Solar energy can be converted into electricity by Photovoltaic cells, heat by solar collectors, and both electricity and heat by hybrid photovoltaic and thermal (PV/T) panels. The collected heat can be used for Space Heating and Solar Water Heating (SWH). A typical SWH system is a combination of solar collectors, an energy transfer system and a thermal storage system. SWHs are also characterized as open loop system (direct) which circulates potable water through the collectors and closed loop system (indirect) which uses antifreeze heat-transfer fluid such as polypropylene glycol to transfer heat from the collector to the potable water in the storage tank [2]. Depend on the way to circulate the working fluid, SWHs are divided into active system which uses

a pump to circulate the working fluid such as water or polypropylene glycol through the collectors and passive system which circulates the working fluid naturally by the effect of the gravitational force [2]. The passive system calls also thermosyphon which means the heat transport device that can transport a large amount of heat using body forces (gravitational and centrifugal forces). Thermosyphon has a great advantage because of no electrical energy and simple structure. That is why, the thermosyphon researches are not intended for SWH application only, but for many applications. Thermosyphon was studied as an alternative liquid cooling technique in which heat is transferred as heat of evaporation from evaporator to condenser with relatively small temperature difference [3]. Thermosyphon radiator used for domestic and office heating was studied and its performance has been tested with Freon 11, acetone, methanol and water as working fluid [1]. A model of the two-phase flow and heat transfer in the closed loop two phase thermosyphon (CLTPT) involving co-current natural circulation, which is focus for electronics cooling that exhibit complex two-phase flow patterns due to the closed loop geometry and small tube size [4]. The main reason to develop a thermosyphon with a heat source near the top and heat sink at the bottom is to solve weight problem when a thermosyphon installed on the roof [7].

Thermal performance evaluation of solar combisystems using a global approach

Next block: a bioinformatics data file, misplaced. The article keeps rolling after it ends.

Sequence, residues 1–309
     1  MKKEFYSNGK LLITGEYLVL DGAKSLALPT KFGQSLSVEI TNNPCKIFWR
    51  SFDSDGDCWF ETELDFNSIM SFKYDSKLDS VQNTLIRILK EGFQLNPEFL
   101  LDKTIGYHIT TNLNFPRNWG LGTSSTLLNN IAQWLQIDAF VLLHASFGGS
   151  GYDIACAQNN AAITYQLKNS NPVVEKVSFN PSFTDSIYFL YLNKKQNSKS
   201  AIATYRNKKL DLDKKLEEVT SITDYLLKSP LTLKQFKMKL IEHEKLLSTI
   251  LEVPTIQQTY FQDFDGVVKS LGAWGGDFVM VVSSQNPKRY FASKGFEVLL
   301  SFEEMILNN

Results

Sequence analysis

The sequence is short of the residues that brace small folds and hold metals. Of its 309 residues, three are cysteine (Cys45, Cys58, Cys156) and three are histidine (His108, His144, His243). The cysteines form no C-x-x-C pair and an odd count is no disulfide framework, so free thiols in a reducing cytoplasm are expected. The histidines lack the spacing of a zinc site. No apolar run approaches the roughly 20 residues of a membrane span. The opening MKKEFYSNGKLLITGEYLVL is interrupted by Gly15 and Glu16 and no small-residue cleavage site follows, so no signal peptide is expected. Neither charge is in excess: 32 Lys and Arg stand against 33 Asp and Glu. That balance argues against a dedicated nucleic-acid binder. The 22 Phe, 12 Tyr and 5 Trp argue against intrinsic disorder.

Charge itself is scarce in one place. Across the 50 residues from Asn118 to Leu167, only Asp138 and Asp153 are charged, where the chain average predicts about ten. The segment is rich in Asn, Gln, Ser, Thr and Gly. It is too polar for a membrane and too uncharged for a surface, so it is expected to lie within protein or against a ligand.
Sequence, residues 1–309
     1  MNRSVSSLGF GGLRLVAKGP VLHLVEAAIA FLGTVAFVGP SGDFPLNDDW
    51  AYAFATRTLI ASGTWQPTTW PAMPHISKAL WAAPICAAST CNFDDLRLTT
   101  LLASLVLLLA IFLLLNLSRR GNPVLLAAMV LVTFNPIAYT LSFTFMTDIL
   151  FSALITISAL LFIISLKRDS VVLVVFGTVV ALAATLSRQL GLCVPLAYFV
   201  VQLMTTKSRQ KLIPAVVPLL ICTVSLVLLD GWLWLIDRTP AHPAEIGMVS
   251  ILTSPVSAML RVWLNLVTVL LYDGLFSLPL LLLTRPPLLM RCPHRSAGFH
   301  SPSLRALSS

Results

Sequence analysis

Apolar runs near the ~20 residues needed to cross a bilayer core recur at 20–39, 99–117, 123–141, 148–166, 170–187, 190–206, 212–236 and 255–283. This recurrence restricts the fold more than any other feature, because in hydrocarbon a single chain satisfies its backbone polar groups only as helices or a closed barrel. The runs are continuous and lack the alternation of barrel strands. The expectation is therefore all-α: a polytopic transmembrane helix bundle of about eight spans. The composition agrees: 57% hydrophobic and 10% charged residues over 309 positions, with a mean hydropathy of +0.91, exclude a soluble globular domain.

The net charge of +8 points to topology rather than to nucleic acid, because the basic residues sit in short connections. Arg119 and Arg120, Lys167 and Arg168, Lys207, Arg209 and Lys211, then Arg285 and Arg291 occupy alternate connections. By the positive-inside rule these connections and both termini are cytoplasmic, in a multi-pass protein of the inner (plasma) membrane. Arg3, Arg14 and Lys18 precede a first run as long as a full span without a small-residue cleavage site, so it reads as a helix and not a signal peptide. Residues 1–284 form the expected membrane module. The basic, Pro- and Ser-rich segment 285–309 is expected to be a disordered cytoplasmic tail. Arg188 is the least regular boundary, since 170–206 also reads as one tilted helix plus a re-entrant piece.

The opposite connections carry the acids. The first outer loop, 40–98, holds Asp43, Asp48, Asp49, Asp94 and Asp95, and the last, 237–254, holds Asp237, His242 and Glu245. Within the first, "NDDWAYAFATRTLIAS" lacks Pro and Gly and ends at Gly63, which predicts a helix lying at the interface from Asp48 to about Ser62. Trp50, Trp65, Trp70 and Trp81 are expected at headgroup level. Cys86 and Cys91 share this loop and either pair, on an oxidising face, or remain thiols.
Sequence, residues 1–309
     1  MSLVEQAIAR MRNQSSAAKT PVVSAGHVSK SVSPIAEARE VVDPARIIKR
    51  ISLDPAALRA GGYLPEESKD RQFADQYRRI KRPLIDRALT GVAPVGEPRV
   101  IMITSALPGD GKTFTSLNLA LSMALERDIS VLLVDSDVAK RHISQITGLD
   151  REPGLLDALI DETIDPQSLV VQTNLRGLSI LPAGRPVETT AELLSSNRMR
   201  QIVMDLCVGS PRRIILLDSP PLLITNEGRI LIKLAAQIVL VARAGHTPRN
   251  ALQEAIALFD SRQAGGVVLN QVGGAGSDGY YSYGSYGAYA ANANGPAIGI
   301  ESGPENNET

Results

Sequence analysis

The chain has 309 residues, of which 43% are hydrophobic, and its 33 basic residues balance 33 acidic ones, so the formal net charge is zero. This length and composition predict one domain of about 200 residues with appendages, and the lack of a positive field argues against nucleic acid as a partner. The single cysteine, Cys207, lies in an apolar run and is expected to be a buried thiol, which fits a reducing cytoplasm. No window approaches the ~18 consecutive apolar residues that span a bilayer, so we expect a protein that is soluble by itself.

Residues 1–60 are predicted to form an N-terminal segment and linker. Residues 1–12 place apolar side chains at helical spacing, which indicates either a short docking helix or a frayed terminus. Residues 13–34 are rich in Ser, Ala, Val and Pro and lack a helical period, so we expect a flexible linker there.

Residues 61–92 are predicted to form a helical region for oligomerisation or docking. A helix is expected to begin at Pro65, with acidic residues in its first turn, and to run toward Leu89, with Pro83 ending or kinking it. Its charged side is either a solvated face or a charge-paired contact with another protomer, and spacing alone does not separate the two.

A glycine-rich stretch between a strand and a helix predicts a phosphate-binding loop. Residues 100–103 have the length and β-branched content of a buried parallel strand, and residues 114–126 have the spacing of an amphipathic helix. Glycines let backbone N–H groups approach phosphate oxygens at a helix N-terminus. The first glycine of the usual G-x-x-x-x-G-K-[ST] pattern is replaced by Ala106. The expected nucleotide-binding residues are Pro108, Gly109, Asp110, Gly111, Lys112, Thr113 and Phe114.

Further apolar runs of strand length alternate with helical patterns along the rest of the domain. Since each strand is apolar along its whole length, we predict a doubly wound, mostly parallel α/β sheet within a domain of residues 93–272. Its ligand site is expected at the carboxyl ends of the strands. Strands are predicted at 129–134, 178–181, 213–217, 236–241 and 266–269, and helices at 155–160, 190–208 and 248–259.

M. Albaric1*, J. Nowag and P. Papillon1

1 CEA, LITEN, INES 50 avenue du Lac Leman, 73377 Le Bourget du Lac, France.
* Corresponding Author, mickael. albaric@cea. fr


Solar energy of today’s solar combisystems provides nearly 20 to 50 % of the total heat demand of a modern standard single family house, depending on climatic conditions. The European market offers a huge variety of solar combisystems and up to now no uniform standard exists that can prove the thermal performances of systems. The system design with its control algorithms plays a very important role and has to be considered carefully. It is obvious that the performance of solar combisystems can vary with different climate conditions and varying building typologies. The focus of this work lays on the choice of the weather data for a 12 test days which allows an annual prediction of the auxiliary energy used. They have to be chosen from a reference weather data for a specific climate zone. Solar irradiation and ambient temperatures should closely correspond to the curves of an annual weather cycle.

Keywords: Solar CombiSystem, performance evaluation, global approach, test lab

1. Introduction

Although the European solar thermal market for single and multifamily houses offers today many efficient and reliable products, there is still a high need in system optimization. It is particularly the case for solar combisystems, used for space heating and domestic hot water preparation, in which many individual designs with different control strategies entered the market during the last two decades. For a long time, it has been difficult to determine an accurate performance rating for those systems, and even more difficult to compare them, because there were no common definitions of terms or standard test procedures for that type of system. For the establishment of that fast increasing market and a sustainable further development, the existence of uniform standards, recognized by the whole solar industry, is very important.

To contribute to the national and European research needs, the French National Institute for Solar Energy ‘Institut National de l’Energie Solaire’ (INES) is setting up a new test facility in its laboratories. The objective is to develop a methodology for a 12-day performance test, which allows an annual prediction of the auxiliary energy used and therefore a statement on the energy savings during one year.

2. The context

Several methods have been developed that are briefly described below.

The open loop evaporative cooling tower